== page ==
Crosslin is pleased to present a six-part series on the American Rescue Plan Act of 2021, covering topics such as stimulus payments, child tax credit, employee retention credit, enhanced earned income tax credit, child and dependent care tax credit, and paid medical and family leave credit. Check back with us throughout the next two weeks to read more about these current hot topics. As always, contact the Crosslin tax team with any questions. Today’s summary discusses the child and dependent care tax credit.
Included in a number of tax provisions intended to stimulate the economy and speed recovery from the COVID-19 pandemic, the American Rescue Plan Act of 2021 provides several enhancements to the earned income tax credit.
In general, the earned income tax credit (EITC) is designed to benefit lower-income individuals with earned income. The amount of the credit depends on the taxpayer’s taxable earned income and number of qualifying children. The EITC may be at least partially refundable. The credit phases out once earned income exceeds a threshold amount based on filing status. Taxpayers must file income tax returns to claim the EITC.
Under the American Rescue Plan, for 2021 only, the amount of the credit is significantly increased for filers without children. The American Rescue Plan increases the childless EITC amount for 2021 from $543 to $1,502, increases the amount of income at which the credit is maximized to $9,820 (currently set at $7,100) and increases the threshold for the phaseout of the credit for non-joint filers to $11,610 (currently set at $8,880).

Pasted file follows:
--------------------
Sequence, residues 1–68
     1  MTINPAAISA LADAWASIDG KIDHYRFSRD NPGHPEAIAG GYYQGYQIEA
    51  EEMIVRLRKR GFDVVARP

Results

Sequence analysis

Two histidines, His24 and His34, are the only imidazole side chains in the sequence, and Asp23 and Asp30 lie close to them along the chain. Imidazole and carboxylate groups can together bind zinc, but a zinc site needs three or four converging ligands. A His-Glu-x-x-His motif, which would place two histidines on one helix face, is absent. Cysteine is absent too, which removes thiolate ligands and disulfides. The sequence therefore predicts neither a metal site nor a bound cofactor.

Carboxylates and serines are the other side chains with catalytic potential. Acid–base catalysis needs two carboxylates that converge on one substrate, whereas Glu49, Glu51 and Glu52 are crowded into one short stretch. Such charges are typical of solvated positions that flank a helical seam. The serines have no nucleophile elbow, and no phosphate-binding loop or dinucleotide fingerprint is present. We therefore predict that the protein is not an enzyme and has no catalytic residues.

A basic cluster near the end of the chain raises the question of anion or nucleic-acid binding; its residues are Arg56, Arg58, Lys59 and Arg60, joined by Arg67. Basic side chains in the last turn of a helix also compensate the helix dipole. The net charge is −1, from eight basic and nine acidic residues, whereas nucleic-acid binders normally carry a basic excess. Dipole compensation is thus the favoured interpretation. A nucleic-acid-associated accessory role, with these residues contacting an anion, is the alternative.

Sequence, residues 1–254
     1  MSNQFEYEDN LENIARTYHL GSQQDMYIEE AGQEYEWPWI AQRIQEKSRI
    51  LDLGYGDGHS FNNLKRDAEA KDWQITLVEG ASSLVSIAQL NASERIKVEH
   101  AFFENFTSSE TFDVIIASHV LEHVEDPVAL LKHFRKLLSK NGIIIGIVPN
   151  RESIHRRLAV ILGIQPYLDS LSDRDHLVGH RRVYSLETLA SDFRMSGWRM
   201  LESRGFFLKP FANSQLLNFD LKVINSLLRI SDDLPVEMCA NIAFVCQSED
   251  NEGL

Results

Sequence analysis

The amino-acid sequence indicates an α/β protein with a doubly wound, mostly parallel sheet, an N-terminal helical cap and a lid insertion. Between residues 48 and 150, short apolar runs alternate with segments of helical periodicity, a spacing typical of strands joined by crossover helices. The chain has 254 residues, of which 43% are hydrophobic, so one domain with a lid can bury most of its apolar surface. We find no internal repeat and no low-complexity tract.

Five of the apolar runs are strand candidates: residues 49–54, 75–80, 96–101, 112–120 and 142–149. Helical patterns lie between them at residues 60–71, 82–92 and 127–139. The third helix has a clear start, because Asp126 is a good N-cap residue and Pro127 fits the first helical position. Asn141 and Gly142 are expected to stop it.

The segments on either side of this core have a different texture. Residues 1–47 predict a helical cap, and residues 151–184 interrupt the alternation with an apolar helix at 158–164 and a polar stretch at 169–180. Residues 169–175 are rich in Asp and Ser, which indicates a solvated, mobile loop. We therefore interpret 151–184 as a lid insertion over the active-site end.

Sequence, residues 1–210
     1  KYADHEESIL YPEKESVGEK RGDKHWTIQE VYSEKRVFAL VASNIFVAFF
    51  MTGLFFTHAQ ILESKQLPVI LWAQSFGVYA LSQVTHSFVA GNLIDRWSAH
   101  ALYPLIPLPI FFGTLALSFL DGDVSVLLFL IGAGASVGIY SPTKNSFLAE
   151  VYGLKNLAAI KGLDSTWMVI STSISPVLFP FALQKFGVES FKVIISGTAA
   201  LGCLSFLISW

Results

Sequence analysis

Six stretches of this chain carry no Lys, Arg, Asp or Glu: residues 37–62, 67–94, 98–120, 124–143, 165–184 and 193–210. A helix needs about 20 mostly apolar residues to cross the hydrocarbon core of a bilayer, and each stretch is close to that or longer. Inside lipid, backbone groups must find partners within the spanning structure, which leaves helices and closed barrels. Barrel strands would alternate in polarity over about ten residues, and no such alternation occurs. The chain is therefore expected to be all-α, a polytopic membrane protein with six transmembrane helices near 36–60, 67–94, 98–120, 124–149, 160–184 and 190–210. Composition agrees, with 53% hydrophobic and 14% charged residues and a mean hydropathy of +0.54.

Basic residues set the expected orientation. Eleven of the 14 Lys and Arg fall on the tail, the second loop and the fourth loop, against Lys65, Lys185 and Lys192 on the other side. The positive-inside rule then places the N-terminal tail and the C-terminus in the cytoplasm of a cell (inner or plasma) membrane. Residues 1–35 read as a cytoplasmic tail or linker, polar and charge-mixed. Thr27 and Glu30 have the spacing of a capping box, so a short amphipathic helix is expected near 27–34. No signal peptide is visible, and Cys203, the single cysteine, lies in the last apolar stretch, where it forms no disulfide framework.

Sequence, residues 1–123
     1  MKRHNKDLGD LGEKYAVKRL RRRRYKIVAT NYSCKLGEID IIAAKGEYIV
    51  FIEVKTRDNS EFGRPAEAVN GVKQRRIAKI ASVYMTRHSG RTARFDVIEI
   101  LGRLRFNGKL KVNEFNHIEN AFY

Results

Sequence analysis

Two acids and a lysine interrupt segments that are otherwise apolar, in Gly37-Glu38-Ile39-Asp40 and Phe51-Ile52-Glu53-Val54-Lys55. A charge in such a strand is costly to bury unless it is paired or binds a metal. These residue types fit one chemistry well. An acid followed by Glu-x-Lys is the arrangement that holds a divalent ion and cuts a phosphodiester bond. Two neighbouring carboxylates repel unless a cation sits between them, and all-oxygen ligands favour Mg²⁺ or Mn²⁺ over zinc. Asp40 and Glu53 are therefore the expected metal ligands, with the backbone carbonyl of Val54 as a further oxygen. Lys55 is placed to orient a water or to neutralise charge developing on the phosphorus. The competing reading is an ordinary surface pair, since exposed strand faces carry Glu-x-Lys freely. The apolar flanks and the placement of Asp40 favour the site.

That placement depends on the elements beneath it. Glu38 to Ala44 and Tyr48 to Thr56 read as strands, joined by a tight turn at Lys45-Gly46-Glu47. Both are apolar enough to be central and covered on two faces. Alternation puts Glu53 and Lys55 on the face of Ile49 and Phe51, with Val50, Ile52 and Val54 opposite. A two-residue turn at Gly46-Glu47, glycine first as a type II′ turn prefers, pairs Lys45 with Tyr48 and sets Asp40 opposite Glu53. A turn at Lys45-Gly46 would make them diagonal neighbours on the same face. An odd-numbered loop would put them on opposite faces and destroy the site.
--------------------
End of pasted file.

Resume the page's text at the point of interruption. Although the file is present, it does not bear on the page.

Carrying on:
The minimum age for childless claimants of the EITC is also reduced from 25 to 19 (age 24 in the case of full-time students) with special rules for foster and homeless youth. There is no maximum age for claiming the EITC in 2021.
The American Rescue Plan also allows taxpayers to substitute 2019 earned income for 2021 earned income in claiming the EITC on 2021 returns if 2021 earned income was less than 2019 earned income. This is similar to a provision included in the Consolidated Appropriations Act, 2021, applicable to 2020 claims of the EITC.
Other changes to the EITC are made permanent after December 31, 2020. This includes the elimination of the prohibition against filers claiming the childless EITC solely because they are unable to claim the EITC for filers with children due to the lack of identification requirements. Additionally, a married but separated individual can claim the EITC as an unmarried person if certain requirements relating to children are satisfied. Finally, the amount of disqualifying investment income for purposes of the EITC is increased to $10,000, adjusted for inflation after 2021. The current amount of disqualifying investment income is $3,650 for 2021.
If you have any questions related to the EITC or other provisions under the American Rescue Plan, please contact the Crosslin tax team at (615) 320-5500. We are here to help!